Have you ever been listening to your system and the lights go out? It’s not a good feeling because there is always the risk that when the power comes back on that something will be amiss. I’ve used power line conditioners for almost 20 years but our experience with Hurricane Sandy here on the Shore was not a good one.
My parents think that I missed my calling as a Weather Channel talking head because I’d scare the living crap out of everyone with my forecasts, but I had a bad feeling about Sandy with our home only blocks from the ocean and so many trees surrounding our property.
Sandy roared through our area and I was very fortunate to not lose anything of value (including our family) minus $30,000 worth of roofing, siding, fencing, a few windows, and 90% of the trees on our property.
We lost power for over 10 days and I was very nervous about plugging things back in because every cable that connects us to the outside world had to be replaced and local infrastructure was a mess.
Fast forward to a few weeks ago and I lost power twice in the span of one week at night for 2-3 hours each time. Not great timing in the middle of summer but JCP&L was a nightmare during COVID; did they just stop making repairs?
One of those disruptions occurred during a listening session with the Rotel A12MKII and a pair of Q Acoustics 3050i loudspeakers in our dining room system which gets a lot of use during the course of a normal week.
I was definitely nervous when the power came back on. All good but it’s become a regular thing on the Shore.
The Rotel replaced my NAD C 316BEE V2 Integrated Amplifier and a few things stood out with each recording; more presence, detail, and a firmer grasp on the bottom end.
The Rotel is twice the price of the NAD and also includes a rather good DAC so I expected there to be differences in the sound quality.
Both phono stages work really well with MM cartridges and I don’t think there is that much daylight between them in that regard.
I recently reviewed the Pro-Ject Debut Pro Turntable which blew my socks off at its price point; Ken Kessler of Hi-Fi News and SoundStage! has a another terrific review of the Debut PRO that I think is really worth reading and we’ve communicated about our experiences with it.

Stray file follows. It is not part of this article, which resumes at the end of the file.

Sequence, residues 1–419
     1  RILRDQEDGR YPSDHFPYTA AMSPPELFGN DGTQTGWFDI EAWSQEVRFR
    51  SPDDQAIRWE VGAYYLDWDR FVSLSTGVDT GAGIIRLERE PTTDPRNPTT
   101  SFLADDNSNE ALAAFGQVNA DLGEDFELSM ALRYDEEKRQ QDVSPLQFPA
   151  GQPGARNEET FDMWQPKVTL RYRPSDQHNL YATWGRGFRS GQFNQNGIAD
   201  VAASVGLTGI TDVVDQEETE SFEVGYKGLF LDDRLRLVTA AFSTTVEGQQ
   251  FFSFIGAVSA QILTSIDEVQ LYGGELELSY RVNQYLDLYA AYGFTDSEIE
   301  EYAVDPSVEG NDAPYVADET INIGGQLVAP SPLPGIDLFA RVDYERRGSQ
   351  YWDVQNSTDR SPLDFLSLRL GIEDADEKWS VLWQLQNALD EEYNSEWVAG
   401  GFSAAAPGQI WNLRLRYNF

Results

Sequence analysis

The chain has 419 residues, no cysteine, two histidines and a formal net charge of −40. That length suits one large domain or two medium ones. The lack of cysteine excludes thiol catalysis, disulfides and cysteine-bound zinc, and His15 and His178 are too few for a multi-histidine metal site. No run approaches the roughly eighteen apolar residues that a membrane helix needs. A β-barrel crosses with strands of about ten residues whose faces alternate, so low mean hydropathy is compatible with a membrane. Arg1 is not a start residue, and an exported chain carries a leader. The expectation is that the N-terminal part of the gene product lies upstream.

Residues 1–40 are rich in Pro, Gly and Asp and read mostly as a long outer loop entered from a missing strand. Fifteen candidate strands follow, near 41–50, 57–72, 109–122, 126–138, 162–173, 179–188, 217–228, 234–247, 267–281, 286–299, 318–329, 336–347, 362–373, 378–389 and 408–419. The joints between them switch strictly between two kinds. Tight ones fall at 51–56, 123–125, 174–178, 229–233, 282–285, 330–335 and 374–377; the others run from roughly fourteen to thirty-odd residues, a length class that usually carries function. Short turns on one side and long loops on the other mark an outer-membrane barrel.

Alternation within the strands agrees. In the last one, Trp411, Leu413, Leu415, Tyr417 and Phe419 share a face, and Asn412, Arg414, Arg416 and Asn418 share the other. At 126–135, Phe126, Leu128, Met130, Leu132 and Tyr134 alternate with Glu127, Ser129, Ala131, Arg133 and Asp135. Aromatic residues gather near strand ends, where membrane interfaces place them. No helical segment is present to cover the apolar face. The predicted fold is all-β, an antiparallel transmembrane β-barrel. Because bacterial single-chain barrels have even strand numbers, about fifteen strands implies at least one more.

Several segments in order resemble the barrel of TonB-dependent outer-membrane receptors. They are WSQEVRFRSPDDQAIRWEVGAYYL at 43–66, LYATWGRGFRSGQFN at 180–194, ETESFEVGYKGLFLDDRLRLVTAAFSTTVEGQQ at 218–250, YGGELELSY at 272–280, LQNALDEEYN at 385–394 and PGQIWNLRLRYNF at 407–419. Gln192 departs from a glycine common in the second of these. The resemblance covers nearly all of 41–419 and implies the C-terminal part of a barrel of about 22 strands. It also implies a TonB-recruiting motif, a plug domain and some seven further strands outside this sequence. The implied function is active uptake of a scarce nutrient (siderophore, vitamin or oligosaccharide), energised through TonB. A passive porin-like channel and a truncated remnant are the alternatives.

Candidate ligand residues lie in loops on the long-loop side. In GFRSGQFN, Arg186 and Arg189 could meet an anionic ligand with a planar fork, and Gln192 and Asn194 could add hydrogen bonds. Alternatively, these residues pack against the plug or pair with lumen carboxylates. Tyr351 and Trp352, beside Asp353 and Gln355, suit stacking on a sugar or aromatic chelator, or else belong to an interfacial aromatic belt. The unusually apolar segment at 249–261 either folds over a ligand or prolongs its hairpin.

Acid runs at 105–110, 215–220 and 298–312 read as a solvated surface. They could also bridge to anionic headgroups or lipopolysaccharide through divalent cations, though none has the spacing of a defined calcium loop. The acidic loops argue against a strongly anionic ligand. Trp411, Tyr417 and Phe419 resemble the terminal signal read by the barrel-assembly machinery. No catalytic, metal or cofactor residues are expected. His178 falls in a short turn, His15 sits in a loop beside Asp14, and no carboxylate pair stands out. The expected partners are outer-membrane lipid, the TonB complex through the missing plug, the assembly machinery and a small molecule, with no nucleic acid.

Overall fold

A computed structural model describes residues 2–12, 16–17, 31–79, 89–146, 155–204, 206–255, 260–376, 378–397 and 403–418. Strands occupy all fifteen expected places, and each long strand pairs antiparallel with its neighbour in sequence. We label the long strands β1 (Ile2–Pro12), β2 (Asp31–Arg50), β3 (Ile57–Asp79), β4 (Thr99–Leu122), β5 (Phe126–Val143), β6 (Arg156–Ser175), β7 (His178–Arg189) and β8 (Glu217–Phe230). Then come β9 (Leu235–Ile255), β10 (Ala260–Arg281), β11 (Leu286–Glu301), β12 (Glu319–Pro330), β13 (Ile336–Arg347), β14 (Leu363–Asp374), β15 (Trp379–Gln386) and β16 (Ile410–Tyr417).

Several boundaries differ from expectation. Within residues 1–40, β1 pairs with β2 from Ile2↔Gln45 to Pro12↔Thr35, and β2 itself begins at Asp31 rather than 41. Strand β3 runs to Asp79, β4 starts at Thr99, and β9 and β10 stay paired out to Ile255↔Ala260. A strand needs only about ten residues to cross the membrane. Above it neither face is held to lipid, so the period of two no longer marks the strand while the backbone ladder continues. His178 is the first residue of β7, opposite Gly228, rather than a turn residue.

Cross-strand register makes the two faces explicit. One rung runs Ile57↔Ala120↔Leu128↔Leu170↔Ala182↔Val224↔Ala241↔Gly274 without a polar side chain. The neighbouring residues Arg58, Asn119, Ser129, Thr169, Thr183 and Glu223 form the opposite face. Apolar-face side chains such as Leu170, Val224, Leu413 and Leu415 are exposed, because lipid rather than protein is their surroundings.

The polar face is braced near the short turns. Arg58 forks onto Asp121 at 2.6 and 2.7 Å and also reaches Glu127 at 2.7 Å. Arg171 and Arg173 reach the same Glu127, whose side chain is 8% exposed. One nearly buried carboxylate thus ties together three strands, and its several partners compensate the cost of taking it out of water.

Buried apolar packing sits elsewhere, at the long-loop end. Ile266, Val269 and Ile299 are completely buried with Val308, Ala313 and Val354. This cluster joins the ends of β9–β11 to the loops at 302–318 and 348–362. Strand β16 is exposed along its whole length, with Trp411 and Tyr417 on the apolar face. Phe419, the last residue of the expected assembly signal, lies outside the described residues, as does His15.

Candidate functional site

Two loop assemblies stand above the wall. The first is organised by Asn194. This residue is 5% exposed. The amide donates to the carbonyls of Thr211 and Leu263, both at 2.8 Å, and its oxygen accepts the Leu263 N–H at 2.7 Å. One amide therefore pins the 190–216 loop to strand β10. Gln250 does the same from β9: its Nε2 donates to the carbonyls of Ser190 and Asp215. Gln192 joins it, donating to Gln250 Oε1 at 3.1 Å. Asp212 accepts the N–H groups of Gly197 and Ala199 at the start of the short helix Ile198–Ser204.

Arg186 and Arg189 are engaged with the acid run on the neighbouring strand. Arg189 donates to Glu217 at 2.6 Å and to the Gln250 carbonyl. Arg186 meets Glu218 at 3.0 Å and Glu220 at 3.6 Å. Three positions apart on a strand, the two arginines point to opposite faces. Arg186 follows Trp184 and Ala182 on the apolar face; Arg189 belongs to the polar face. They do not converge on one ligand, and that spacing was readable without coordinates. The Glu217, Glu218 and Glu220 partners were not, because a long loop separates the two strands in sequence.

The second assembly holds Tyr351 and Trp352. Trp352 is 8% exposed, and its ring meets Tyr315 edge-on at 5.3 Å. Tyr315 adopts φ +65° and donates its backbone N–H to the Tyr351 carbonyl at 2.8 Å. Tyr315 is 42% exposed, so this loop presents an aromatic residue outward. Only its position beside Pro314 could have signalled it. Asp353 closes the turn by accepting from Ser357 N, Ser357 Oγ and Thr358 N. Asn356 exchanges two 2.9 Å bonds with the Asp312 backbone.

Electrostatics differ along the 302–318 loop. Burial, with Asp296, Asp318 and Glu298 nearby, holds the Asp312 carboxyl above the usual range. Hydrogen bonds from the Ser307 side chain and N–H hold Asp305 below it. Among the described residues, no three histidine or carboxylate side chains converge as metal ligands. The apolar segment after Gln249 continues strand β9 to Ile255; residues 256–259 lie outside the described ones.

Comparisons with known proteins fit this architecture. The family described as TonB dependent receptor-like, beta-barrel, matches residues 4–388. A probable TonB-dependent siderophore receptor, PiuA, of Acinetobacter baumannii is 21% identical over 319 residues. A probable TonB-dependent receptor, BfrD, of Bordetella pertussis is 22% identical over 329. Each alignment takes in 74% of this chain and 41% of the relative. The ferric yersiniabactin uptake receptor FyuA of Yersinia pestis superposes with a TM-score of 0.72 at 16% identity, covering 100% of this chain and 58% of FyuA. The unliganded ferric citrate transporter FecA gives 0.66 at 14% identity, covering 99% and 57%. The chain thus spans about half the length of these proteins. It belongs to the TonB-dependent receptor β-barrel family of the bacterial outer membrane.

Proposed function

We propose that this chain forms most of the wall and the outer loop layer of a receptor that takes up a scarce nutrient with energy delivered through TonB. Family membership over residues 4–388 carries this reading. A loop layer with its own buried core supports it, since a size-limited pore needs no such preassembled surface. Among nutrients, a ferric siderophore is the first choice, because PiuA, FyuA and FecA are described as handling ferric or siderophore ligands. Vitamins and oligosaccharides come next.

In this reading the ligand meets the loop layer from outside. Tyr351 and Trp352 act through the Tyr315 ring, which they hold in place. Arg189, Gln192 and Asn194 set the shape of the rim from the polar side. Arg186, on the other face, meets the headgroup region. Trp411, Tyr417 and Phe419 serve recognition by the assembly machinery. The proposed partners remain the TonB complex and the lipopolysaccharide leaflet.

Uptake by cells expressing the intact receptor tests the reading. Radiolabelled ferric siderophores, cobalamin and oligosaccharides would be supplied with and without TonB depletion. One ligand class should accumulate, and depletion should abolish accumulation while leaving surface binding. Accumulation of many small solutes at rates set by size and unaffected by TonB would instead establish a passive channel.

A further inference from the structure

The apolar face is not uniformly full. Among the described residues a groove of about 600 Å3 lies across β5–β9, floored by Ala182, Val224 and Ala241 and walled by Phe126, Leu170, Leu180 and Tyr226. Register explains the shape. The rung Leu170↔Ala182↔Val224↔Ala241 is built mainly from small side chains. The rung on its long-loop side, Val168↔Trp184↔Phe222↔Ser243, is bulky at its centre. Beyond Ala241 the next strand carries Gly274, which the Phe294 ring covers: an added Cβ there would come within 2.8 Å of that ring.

He’s 100% correct about adding a record clamp and the difference that it makes. I’m not sure one needs a $500 isolation platform underneath it; I’ve had good results with IKEA bamboo cutting boards and the IsoAcoustics ZaZen platform which is definitely not $500.
The Rotel/Pro-Ject combination is around $2,000 and definitely a system that I could live as my only system.
But how does the Rotel A12MKII compare to other integrated amplifiers that I own and how does it compare to the Rotel A14MKII that I reviewed last year.
The tonal balance is definitely similar (using the Q Acoustics 3050i, 3030i, PSB Alpha P5s, and Wharfedale Diamond 10.1s) but the A14MKII had a firmer bottom end and I recall being able to crank it a lot harder with Metallica, Aphex Twin, and the Beastie Boys.
My Croft Phono Integrated is the polar opposite of the A12MKII when it comes to features; the Croft doesn’t really have any and minus the dual volume controls — it is as basic as they come.
The Rotel has a very clean presentation with just enough warmth to work well with a wide variety of speakers; it’s a much better option with the PSB Alpha P5s than the Croft.
There is some daylight, however, when it comes to the phono section and the “gestalt” of the two amplifiers.
The Croft is almost $800 more with none of the features of the Rotel (remote, DAC, headphone amplifier) so the A12MKII gets my nod from that perspective.
Where the Croft is different (and this applies to many of the integrated amplifiers below $2,000) is how it strips away the barrier between you and the music and everything is just more alive in the space.
It’s like looking at my snow covered backyard during sunrise through our kitchen bay window versus walking outside in the cold and feeling it on your face and realizing just how much else is going on.
The phono section on the Croft is just crazy good with a decent MM cartridge; better pacing, clarity, and presence. On the downside — it’s a tad noisy versus the Rotel which presents music with very black backgrounds and more than enough detail to make every recording interesting.
I can hear it now.
“Why are you only comparing it against $1,500 or $1,700 integrated amplifiers?”
The Rega io is $650 and really good for the money, but it’s not as authoritative as the A12MKII; it runs out of juice much sooner and it doesn’t offer a DAC or the build quality of the Rotel. The A12MKII can drive much more difficult loudspeakers and just sounds more effortless at higher listening levels.
The Rega Brio, however, is a very worthy competitor for a few reasons; excellent phono section, solid build quality, and a very engaging listen on the aforementioned loudspeakers.
The Rotel has more sparkle in the top end and it’s a cleaner sounding amplifier; the Rega has more midrange warmth and I’d call it a toss-up on the pacing front.
Listening to electronic music through the A12MKII and the Rega Brio was a lot of fun and both integrated amplifiers bested the Croft in the bass department; better control, more texture, and definitely more impact with Tool, Aphex Twin, Tangerine Dream, and Boards of Canada.
The Rotel A12MKII sits at a very interesting price point with a lot of competition above and below it; two of its biggest competitors are its own siblings which is kinda rare.
Would I spend the extra money on the A14MKII or use some of the savings on a better pair of speakers?
I’m so bloody impressed with the Pro-Ject Debut PRO at this point, that I would say buy the A12MKII and that turntable and build out from there. The combination is so good below $2,100 that you might have a lot of fun finding the best pair of loudspeakers to go with it and not break the bank.
Tempting beyond to be quite honest.